Combining Meditation And Mindfulness To Fight Mental Health Issues
There is a new word being thrown about on health and lifestyle sites as though it is something that we are all familiar with in our daily lives – mindfulness. This is term that many people think they may understand but the principles go much further than a simple heightened awareness. Mindfulness is about taking the time to understand our environment and feelings and connect with them on a more objective, non-judgemental level. When mindfulness is paired up with the added qualities of meditation the potential on mental health and stress relief increases. This guide will look at this fantastic combination and its impact on psychological health – both in terms of the effects and treatment options.
Combining the qualities of meditation and mindfulness
It is no surprise that meditation and mindfulness are so popular in modern culture when you consider the many different benefits that these practices are said to offer for mental health. Marrying the ideas of mindfulness – a more contemporary idea – with the ancient art of meditation is a winning formula when it come to mental health because the concepts of mindfulness – clearing you inner eye and gaining a different, objective perspective on your self and world around you – works in harmony with the breathing exercises and need to achieve focus of meditation. By embracing both all these elements into a daily routine, such as a few moments of mindfulness meditation in the morning to relax and focus, you increase the chance of aiding anxiety, improving your resilience, reducing emotional reactivity and decreasing stress.
The effect of meditation and mindfulness on stress
The link between mindfulness and stress is one of the biggest draws to this alternative therapy and this connection is made even more interesting by the fact it is backed by scientific studies rather than theory. Many may expect some sort of placebo effect between meditation and stress relief, a sense that simply assume it works and any results that are experienced are purely coincidental, but a report in a recent publication of the Health Psychology Journal states that it actually decreases levels of a vital stress hormone called cortisol. Fifty seven people at a specialised retreat were taught simple breathing exercises, observational skills and how to enhance positive mental states and their cortisol levels were measured prior to the three-month test and then afterwards. The test showed a correlation between the techniques, improved mindfulness and lower levels of the stress hormone. The fact that they neglected to use any form of control group could affect the validity of the results but it is just part of the ongoing research and the growing links between mindfulness, meditation and stress. As the image of the method grows, more studies will be undertaken to give better accreditation to the advantages.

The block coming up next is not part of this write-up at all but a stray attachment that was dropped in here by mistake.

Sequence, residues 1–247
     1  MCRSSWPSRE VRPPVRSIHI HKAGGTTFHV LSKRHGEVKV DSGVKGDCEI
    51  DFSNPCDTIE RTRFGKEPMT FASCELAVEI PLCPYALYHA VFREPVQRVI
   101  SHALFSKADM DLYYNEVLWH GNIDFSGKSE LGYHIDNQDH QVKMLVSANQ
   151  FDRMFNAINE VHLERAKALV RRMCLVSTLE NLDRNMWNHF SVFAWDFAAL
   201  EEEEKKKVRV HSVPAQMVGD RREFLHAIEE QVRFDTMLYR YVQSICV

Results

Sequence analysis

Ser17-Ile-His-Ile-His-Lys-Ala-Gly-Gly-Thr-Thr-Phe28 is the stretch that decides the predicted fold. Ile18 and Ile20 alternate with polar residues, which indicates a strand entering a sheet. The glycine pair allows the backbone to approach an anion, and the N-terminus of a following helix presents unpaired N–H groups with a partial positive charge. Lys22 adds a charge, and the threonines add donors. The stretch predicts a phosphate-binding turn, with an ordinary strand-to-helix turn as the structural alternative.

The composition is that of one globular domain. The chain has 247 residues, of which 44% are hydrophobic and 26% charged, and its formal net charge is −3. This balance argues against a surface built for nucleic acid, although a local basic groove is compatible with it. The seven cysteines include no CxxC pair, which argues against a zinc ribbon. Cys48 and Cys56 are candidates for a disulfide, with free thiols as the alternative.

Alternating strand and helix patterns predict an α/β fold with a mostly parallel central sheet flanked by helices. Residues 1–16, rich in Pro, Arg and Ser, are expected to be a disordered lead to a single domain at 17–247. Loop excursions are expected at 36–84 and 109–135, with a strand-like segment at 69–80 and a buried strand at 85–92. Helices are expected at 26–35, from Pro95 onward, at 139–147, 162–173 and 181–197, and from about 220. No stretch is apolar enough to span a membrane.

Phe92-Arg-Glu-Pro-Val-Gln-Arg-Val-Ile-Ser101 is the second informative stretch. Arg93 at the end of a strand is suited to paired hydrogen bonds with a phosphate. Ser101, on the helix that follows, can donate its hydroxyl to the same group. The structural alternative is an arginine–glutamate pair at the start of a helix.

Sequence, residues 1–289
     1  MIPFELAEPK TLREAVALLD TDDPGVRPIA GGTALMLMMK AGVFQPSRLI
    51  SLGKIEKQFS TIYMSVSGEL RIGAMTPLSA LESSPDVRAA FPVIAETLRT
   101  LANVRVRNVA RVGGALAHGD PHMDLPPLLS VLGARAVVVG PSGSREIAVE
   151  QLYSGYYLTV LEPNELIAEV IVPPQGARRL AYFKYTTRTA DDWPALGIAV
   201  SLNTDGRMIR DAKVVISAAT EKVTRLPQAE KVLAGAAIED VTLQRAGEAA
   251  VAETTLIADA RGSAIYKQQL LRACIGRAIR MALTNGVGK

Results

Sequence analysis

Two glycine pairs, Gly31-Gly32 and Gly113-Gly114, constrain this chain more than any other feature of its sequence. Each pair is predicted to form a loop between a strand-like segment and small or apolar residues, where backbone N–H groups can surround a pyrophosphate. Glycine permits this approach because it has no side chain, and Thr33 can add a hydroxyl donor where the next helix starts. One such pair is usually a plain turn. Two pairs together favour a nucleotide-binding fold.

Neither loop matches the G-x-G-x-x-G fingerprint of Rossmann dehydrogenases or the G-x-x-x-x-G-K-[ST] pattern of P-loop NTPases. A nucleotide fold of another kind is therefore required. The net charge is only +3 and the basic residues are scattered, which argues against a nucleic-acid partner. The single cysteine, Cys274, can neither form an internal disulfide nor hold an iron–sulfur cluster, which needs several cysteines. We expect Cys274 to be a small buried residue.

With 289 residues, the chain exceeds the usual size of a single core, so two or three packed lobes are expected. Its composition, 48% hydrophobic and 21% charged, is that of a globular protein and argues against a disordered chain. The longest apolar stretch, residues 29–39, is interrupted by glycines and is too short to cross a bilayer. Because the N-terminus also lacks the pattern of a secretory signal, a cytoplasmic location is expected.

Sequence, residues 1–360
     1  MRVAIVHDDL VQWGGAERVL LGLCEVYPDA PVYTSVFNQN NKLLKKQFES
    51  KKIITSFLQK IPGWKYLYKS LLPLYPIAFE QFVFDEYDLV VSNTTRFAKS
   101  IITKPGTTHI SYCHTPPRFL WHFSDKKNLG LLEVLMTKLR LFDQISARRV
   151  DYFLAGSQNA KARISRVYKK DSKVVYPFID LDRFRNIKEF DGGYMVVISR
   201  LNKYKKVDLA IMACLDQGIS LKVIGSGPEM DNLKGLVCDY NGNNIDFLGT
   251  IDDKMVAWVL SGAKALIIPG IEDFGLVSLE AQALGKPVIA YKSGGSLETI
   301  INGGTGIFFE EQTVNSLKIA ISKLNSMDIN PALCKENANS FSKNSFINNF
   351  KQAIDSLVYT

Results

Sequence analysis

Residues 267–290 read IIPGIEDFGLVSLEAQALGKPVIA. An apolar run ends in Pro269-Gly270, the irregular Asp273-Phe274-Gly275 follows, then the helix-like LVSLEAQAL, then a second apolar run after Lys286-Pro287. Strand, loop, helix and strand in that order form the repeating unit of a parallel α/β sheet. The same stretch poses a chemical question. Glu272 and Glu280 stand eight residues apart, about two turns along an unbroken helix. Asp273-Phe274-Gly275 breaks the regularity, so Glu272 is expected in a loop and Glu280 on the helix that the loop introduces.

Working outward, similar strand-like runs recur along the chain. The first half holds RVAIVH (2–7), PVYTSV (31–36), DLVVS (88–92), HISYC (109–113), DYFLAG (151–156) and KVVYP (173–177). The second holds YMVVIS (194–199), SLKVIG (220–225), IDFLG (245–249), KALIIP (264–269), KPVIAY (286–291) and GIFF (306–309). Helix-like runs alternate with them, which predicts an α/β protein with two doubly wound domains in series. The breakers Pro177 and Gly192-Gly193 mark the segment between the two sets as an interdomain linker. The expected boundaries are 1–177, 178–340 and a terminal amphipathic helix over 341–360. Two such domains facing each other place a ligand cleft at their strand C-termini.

How can this research help people?
The potential implications of using meditation and mindfulness on psychological health and treatment programs are intriguing and a number of different institutions have already begun programs to help individuals and groups fight stress, anxiety and depression. One story that has caught the eye of the media is the surprisingly controversial attempt by an Ohio school to introduce the teachings of mindfulness and meditation into the classroom to aid adolescent depression and improve student concentration. Other areas being explored are the use of these techniques as stress relief tools for troops suffering from PTSD and classes in prison to decrease , meanwhile the link between mindfulness yoga and pre-natal depression is one that deserves closer attention.
Summary: using meditation and mindfulness for mental health
Once you start looking at the real benefits of these meditation and mindfulness principles on mental health and psychiatric issues and undertake reliable, scientific research into the actual effect, you can start to see the potential of combining these principles into an efficient program. Some people may be wary of bringing Eastern-inspired methods into programs for mental health or unconvinced that such measures can have these desired, physiological effects; however, the evidence for mindfulness, meditation and improved mental health is growing and should be encouraged in a wide range of applications. This could mean an increase in school programs or education about mindfulness to at risk people in stressful job but the point is that appreciating the principles of mindfulness and its links to meditation can have highly beneficial implications for anybody.